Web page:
How to Throw Away Information

Prob­a­bil­ity as Min­i­mal Map ar­gued that the prob­a­bil­ity is a min­i­mal rep­re­sen­ta­tion of the in­for­ma­tion in data which is rele­vant to the query . In other words, is a perfectly effi­cient map of some ter­ri­tory based on data , suit­able for the query . More gen­er­ally, a full prob­a­bil­ity dis­tri­bu­tion is a perfectly effi­cient map suit­able for any queries about the ran­dom vari­able . Bayesian prob­a­bil­ity tells how to up­date our map as we gain new in­for­ma­tion.

What if, for some rea­son, we wanted to in­stead throw away some par­tic­u­lar in­for­ma­tion? We still want to rep­re­sent our map us­ing a prob­a­bil­ity dis­tri­bu­tion, but rather than adding in­for­ma­tion to it (via Bayes’ Rule), we want to re­move some in­for­ma­tion.

Let’s start with an ar­tifi­cial but con­crete ex­am­ple.

Coin-Sum Problem

I flip two coins, and ob­serve both out­comes—ei­ther 0 or 1 for each. I want to keep as much in­for­ma­tion as pos­si­ble, while throw­ing away all in­for­ma­tion from the ob­ser­va­tion rele­vant to their sum. How should I “up­date” my dis­tri­bu­tion over the out­comes?

We’ll write the out­come of our coin­flip as (“B” for “bit” or “bi­nary” or “Bernoulli”), and our fi­nal in­for­ma­tion-re­moved dis­tri­bu­tion as - so the no­ta­tion in­di­cates that we should throw out all info about the sum (the “/​” is meant to evoke e.g. a group quo­tient op­er­a­tion). Note that this kind of “re­move in­for­ma­tion” op­er­a­tion does not fol­low the usual rules of Bayesian prob­a­bil­ity.

At first, I rea­son as fol­lows:

  • My fi­nal dis­tri­bu­tion is a func­tion of the out­comes I saw, so my over­all strat­egy should spec­ify four differ­ent dis­tri­bu­tions—one each for (0, 0), (1, 0), (0, 1), and (1, 1). E.g. if I see (0, 0), then I will up­date to the (0, 0) dis­tri­bu­tion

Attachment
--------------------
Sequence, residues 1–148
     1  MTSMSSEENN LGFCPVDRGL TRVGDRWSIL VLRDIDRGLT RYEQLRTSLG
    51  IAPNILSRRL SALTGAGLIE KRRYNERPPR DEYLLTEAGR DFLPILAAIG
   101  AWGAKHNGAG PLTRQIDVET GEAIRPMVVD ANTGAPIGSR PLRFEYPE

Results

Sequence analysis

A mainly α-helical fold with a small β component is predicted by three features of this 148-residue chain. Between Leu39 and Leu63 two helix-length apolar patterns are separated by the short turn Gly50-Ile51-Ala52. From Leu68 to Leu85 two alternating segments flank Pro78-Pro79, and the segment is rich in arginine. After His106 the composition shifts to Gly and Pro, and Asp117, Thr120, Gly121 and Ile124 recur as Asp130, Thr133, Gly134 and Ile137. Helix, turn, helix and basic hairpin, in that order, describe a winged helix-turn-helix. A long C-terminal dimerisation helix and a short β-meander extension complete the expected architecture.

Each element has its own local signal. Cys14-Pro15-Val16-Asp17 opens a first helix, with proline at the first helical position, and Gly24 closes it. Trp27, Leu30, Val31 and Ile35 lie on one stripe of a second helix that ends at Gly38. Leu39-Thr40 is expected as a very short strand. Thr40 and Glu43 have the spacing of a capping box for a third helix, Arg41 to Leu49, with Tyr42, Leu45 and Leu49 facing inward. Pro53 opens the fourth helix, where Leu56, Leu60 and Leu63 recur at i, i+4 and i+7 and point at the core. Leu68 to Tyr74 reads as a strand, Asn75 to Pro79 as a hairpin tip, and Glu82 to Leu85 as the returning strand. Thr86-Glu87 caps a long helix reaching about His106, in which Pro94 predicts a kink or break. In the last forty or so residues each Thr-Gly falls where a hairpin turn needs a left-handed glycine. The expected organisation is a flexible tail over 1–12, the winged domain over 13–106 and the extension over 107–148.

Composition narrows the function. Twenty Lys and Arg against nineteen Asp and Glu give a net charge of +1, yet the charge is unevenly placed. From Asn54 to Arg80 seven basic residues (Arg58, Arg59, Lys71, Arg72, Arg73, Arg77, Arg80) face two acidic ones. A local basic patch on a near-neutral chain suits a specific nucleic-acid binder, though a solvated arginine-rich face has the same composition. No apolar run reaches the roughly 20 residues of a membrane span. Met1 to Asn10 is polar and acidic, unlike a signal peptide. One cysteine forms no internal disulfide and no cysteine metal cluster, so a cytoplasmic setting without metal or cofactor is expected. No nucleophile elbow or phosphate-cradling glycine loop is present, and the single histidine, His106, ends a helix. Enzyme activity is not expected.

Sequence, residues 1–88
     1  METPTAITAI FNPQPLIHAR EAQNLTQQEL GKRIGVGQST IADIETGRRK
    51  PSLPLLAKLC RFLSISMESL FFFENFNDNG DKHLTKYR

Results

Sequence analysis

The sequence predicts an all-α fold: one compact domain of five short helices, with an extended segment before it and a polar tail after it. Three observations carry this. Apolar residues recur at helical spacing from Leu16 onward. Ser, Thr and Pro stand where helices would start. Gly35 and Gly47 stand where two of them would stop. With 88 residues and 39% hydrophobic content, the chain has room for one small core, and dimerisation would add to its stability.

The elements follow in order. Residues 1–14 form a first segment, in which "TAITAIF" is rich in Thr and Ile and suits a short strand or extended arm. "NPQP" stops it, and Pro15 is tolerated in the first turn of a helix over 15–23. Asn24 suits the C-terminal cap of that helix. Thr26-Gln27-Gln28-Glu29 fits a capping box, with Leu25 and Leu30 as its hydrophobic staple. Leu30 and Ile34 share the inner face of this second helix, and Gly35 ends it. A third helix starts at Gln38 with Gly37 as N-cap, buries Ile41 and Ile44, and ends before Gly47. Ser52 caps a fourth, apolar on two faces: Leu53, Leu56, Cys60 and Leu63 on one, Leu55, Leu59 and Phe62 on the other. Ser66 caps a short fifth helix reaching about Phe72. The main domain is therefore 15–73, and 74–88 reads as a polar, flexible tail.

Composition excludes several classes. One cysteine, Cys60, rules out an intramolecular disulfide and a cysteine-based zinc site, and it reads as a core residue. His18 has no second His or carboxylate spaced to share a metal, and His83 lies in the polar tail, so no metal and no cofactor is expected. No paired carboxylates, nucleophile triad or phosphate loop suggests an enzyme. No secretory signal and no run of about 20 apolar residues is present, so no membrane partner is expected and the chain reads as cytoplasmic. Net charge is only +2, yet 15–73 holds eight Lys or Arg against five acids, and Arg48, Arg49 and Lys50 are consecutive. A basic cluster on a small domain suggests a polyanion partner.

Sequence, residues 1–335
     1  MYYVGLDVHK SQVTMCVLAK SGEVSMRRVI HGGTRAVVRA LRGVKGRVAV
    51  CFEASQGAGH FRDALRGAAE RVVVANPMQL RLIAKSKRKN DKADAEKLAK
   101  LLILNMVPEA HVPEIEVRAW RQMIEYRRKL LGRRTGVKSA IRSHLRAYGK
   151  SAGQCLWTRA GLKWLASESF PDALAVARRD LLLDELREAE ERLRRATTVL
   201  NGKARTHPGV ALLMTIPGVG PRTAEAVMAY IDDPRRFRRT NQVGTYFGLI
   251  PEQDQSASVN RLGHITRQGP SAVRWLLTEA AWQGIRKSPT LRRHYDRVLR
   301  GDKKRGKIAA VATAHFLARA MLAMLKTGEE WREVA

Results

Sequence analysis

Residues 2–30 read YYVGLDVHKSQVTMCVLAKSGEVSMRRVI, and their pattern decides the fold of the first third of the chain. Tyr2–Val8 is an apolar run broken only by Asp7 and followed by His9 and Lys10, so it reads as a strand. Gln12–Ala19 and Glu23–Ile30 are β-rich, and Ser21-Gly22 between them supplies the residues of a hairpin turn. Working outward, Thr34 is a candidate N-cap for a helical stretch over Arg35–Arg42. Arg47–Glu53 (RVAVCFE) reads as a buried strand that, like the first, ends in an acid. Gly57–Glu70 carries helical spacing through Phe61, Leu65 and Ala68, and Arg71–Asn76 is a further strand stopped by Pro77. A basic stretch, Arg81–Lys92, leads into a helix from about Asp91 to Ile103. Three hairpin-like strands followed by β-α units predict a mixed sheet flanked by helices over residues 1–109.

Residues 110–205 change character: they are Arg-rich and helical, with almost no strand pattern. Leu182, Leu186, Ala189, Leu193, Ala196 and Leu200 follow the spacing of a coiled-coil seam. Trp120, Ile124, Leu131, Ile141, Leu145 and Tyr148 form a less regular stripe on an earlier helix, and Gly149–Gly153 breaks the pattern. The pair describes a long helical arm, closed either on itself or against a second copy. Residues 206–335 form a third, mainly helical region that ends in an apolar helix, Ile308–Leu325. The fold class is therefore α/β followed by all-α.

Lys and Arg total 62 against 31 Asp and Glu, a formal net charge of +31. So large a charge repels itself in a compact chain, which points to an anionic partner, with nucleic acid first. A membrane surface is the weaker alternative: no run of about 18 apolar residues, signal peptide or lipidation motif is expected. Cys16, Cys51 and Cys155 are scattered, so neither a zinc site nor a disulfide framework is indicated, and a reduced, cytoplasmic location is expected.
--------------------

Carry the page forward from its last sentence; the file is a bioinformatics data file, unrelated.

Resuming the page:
• The fi­nal dis­tri­bu­tion for (0, 0) and (1, 1) must be the same, oth­er­wise we could dis­t­in­guish a sum of 0 from a sum of 2 by look­ing at which fi­nal dis­tri­bu­tion was cho­sen.

  • … but then the fi­nal dis­tri­bu­tions for (0, 1) and (1, 0) must also be the same as (0, 0), else we could tell that the sum is 1 when­ever we see some other dis­tri­bu­tion.

… so in or­der to throw out all in­for­ma­tion about the sum, we have to throw out all the in­for­ma­tion from the ob­ser­va­tions. We effec­tively don’t up­date at all, and just keep our prior.

This seems kind of weird from an in­for­ma­tion-the­o­retic stand­point. We have 2 bits of in­for­ma­tion from the ob­ser­va­tion, and the sum only con­tains bits. It seems like we ought to be able to keep around bit of in­for­ma­tion, some­how.

The trick turns out to be right at the start of the above rea­son­ing: “my fi­nal dis­tri­bu­tion is a func­tion of the out­comes I saw”. This quietly as­sumed that our “up­date” had to be de­ter­minis­tic. We can do bet­ter if we al­low ran­dom­ized up­dates—e.g. if I see (0, 0), then I ran­domly choose one of sev­eral dis­tri­bu­tions to up­date to.

Here’s an ex­am­ple of a ran­dom­ized strat­egy:

  • (0, 1) and (1, 0) have the same sum, so I’d like to be able to dis­t­in­guish them with cer­tainty. I’ll make and each de­ter­minis­tic, and as­sume they’re not equal.

  • In or­der to be un­able to dis­t­in­guish be­tween sum 0 and sum 1, when the out­come is (0, 0) I’m forced to ran­domly choose be­tween and , 50% chance of each. So, = 50% chance , 50% chance .

  • Same rea­son­ing ap­plies to (1, 1) as (0, 0).

  • In or­der for the fi­nal dis­tri­bu­tions to ac­cu­rately rep­re­sent our fi­nal in­for­ma­tion, they must be and .

Half the time (when the sum is 1) this strat­egy con­veys 1 bit of in­for­ma­tion (whether the first or sec­ond coin is the 1), so over­all we keep bit—ex­actly the in­for­ma­tion-the­o­retic limit.


The gen­eral form of the prob­lem:

  • We have some ran­dom vari­ables and . We ob­serve , and want to throw out all in­for­ma­tion about .

  • To do that, we con­struct some new vari­able (which may de­pend on , , and some ran­dom­ness), which con­tains as much in­for­ma­tion as pos­si­ble about but no in­for­ma­tion about .

  • We then throw away and keep , effec­tively “up­dat­ing” our prob­a­bil­ities from to .